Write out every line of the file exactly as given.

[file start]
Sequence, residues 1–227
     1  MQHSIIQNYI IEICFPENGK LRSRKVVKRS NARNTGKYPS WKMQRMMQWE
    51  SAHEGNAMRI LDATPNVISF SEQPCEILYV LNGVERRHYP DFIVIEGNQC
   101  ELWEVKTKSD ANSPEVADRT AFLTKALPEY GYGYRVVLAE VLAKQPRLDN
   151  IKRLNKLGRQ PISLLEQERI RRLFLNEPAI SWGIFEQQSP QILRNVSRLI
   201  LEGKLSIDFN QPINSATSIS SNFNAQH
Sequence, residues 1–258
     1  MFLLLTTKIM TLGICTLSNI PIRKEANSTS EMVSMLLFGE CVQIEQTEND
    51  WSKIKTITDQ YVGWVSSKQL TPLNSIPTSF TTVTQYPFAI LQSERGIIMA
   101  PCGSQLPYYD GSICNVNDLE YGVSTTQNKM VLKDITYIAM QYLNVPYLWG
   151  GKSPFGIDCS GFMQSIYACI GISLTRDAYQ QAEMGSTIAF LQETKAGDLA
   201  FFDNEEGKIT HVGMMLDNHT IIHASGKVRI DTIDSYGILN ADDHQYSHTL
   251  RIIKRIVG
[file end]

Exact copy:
Sequence, residues 1–227
     1  MQHSIIQNYI IEICFPENGK LRSRKVVKRS NARNTGKYPS WKMQRMMQWE
    51  SAHEGNAMRI LDATPNVISF SEQPCEILYV LNGVERRHYP DFIVIEGNQC
   101  ELWEVKTKSD ANSPEVADRT AFLTKALPEY GYGYRVVLAE VLAKQPRLDN
   151  IKRLNKLGRQ PISLLEQERI RRLFLNEPAI SWGIFEQQSP QILRNVSRLI
   201  LEGKLSIDFN QPINSATSIS SNFNAQH
Sequence, residues 1–258
     1  MFLLLTTKIM TLGICTLSNI PIRKEANSTS EMVSMLLFGE CVQIEQTEND
    51  WSKIKTITDQ YVGWVSSKQL TPLNSIPTSF TTVTQYPFAI LQSERGIIMA
   101  PCGSQLPYYD GSICNVNDLE YGVSTTQNKM VLKDITYIAM QYLNVPYLWG
   151  GKSPFGIDCS GFMQSIYACI GISLTRDAYQ QAEMGSTIAF LQETKAGDLA
   201  FFDNEEGKIT HVGMMLDNHT IIHASGKVRI DTIDSYGILN ADDHQYSHTL
   251  RIIKRIVG